A review of Notorious Nineteen, by Janet Evanovich
@@@ (3 out of 5)
Dear Janet (if I may be so bold),
Maybe it’s me, but I doubt that. After you’ve written — what is it? 50? 51? — novels all told, I think you’re losing steam. Notorious Nineteen is, of course, the 19th in your Stephanie Plum series, and it shows. Here are a few of the most prominent signs:
- Not one but two cars Stephanie is driving are blown up;
- Lula consumes at least 8,000 calories of junk food in a single day;
- Ranger rescues Stephanie from imminent death not once but twice;
- A really bad guy gets blown up trying to kill Stephanie; and
- Morelli and Stephanie still aren’t ready to get married after talking about it for 10 years.
Truth to tell, some of this is funny as it happens, which is why I kept reading this series of comic novels so long. But the humor is fast fading, and so is the guilty pleasure I’ve taken so long in this series.
I don’t know about you, Janet, but I’m ready to put Stephanie out to pasture at last. Appearances notwithstanding, she’s really pushing 60 now, right? Isn’t it time to lay off the staff on that assembly-line writing factory of yours and see what you can do on your own again?
Think about it. You may not be able to write anything original, but you won’t know unless you try, no?
Your erstwhile fan,
@@@ (3 out of 5)
You find yourself in Trenton, New Jersey. (Don’t ask why.)
Your cast of characters includes the following:
- Stephanie Plum, an incompetent, thirty-something bounty hunter (“bond enforcement agent”) of mixed Hungarian and Italian ancestry;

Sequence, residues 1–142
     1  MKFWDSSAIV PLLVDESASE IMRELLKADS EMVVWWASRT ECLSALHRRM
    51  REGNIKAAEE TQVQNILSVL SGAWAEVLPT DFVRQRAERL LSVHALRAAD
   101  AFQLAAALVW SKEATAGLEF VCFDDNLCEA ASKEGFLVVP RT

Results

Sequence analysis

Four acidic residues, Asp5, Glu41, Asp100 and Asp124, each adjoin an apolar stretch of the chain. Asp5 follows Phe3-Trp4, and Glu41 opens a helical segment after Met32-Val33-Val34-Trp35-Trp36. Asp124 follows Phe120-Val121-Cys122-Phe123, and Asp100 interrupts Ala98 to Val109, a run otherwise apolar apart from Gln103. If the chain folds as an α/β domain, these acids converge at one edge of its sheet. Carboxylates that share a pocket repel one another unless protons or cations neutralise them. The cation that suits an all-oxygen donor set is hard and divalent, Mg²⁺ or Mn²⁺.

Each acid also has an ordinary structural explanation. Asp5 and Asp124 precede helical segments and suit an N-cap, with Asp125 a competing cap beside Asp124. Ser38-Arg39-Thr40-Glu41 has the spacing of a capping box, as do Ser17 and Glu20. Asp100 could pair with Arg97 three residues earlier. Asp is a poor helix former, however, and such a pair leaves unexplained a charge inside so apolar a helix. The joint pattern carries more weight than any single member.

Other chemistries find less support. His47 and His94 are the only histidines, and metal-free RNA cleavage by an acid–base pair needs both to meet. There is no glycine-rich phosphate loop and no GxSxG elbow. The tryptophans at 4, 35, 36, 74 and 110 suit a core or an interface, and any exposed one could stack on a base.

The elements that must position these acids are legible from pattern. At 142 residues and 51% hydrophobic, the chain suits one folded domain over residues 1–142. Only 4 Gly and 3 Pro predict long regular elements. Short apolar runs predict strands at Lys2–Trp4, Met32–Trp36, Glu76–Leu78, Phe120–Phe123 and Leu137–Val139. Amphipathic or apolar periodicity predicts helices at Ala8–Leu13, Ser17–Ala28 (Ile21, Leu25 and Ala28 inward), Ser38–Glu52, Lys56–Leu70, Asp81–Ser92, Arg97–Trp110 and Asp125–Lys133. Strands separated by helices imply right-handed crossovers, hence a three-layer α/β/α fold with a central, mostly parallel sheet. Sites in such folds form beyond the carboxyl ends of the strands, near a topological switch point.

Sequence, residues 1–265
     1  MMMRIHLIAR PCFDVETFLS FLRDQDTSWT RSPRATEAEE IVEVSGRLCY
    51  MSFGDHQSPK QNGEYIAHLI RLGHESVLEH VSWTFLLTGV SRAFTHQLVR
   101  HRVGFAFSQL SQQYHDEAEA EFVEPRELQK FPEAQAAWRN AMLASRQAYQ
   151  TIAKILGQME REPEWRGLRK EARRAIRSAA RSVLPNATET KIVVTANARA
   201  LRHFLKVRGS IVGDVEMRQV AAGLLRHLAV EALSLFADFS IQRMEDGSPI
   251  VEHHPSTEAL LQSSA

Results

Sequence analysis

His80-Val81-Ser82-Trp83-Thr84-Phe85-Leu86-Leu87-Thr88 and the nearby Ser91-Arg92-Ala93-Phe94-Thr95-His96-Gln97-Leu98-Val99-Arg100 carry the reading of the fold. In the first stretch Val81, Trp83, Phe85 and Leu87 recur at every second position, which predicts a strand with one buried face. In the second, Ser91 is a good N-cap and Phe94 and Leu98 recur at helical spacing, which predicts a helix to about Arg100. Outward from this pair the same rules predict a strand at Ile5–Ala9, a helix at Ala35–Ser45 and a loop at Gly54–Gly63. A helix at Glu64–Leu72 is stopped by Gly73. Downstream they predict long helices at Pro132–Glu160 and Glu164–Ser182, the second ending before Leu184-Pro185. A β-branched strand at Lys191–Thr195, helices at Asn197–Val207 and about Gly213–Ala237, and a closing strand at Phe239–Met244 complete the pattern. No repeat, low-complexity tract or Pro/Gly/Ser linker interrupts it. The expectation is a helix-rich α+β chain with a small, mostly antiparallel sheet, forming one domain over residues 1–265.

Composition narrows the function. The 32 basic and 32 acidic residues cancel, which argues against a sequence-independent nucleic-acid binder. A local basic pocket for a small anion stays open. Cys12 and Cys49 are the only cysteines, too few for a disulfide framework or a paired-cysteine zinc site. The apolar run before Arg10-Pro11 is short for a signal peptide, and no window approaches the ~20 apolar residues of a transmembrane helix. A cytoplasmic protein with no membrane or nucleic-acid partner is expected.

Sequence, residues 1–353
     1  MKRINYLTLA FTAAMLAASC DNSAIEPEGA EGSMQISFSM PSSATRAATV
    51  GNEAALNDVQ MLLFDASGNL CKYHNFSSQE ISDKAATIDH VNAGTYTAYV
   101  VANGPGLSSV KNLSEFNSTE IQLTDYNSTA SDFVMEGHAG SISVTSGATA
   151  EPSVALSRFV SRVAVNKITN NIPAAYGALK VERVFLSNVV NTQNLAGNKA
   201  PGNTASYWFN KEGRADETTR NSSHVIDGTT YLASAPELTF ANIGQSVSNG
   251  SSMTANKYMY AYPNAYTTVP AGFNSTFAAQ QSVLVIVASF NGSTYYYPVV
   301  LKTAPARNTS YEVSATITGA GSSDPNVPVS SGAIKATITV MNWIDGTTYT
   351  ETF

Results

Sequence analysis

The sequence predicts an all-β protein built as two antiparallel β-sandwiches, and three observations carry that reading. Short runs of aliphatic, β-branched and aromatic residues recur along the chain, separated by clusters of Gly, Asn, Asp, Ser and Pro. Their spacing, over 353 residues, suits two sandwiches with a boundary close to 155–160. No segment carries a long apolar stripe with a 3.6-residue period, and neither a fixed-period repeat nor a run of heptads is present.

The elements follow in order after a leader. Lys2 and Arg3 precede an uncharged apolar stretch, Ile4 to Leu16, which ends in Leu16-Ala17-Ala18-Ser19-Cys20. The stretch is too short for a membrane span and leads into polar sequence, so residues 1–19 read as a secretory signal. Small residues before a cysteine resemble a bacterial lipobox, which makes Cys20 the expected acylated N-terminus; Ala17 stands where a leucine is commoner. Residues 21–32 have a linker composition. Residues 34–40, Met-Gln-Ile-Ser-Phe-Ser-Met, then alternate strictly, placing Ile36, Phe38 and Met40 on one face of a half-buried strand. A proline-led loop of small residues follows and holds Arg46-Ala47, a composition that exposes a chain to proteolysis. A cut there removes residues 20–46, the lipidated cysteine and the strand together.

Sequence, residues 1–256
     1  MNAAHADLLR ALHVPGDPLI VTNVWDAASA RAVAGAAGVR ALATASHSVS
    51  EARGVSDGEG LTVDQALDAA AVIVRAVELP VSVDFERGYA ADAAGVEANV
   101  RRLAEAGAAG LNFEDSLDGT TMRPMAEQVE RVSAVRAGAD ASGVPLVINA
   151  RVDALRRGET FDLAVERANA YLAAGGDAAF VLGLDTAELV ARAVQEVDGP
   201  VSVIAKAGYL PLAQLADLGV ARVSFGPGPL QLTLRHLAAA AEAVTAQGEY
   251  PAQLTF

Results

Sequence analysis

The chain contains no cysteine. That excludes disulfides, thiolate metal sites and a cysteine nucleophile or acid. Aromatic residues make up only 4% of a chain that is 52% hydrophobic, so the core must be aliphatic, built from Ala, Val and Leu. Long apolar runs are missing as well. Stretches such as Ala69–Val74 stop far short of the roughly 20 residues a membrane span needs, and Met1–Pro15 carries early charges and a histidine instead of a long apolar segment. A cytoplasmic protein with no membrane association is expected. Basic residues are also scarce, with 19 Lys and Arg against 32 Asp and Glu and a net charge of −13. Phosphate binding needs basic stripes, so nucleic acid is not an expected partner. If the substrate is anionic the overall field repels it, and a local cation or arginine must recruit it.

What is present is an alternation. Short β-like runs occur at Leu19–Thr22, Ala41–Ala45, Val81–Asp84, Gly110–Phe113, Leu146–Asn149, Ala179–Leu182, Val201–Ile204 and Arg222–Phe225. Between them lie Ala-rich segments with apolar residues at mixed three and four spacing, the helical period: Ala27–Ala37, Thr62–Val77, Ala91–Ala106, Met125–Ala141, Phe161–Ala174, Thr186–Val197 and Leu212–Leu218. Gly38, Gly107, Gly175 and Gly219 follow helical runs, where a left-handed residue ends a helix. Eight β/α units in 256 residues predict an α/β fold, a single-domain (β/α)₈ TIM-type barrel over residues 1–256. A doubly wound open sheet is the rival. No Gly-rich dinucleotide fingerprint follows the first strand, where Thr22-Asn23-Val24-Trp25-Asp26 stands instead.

- Morelli, a handsome homicide detective whose long-standing lust for Stephanie has yielded an on-again, off-again relationship that has never progressed to marriage and doubtless never will;
- Ranger, an equally handsome, Hispanic former Army Ranger who owns a corporate security company and lusts after Stephanie with equal fervor; Ranger repeatedly loans Stephanie expensive vehicles, which she invariably destroys, only to be saved by him from death and disaster;
- Lula (not the Brazilian president), a pistol-packing former ‘ho with a taste for doughnuts, fried chicken, and lurid clothing, who now works as a “file clerk” in the bail bond office where Stephanie receives her assignments;
- Cousin Vinnie, a sex pervert with a truly catholic range of tastes for animals, women’s underwear, and almost anything else of or pertaining to the female gender;
- Connie, the gutsy bail bond office manager whose family is part of a larger Family;
- Grandma Mazur, Stephanie’s constantly randy grandmother whose avocation is attending funeral home “showings;”
- Mooner, a high school classmate of Stephanie’s who is, of course, continuously stoned and thus appears to live on another planet;
- Joyce Barnhardt, Stephanie’s nemesis since high school, whose exaggerated surgical makeover has captivated not only Stephanie’s then-husband but Morelli as well; and
- several more or less normal-seeming people to round out the cast.
Got it? OK. Now, as the playwright of this farce, it’s your job to mix and match these characters, swirl them around a main plot (of sorts) with a couple of cute sub-plots thrown in. But let’s assume you’ve already done all this. What do you get?
You get Sizzling Sixteen — the (count ’em) sixteenth Stephanie Plum novel. Now, if you prefer to read rather than write this sort of thing, you might want to pick it up. Janet Evanovich’s writing is often hilarious, assuming you go in for broad humor (as I do). Just don’t expect to (a) learn anything new, (b) be uplifted or enlightened; or (c) feel good about why you keep reading this stuff!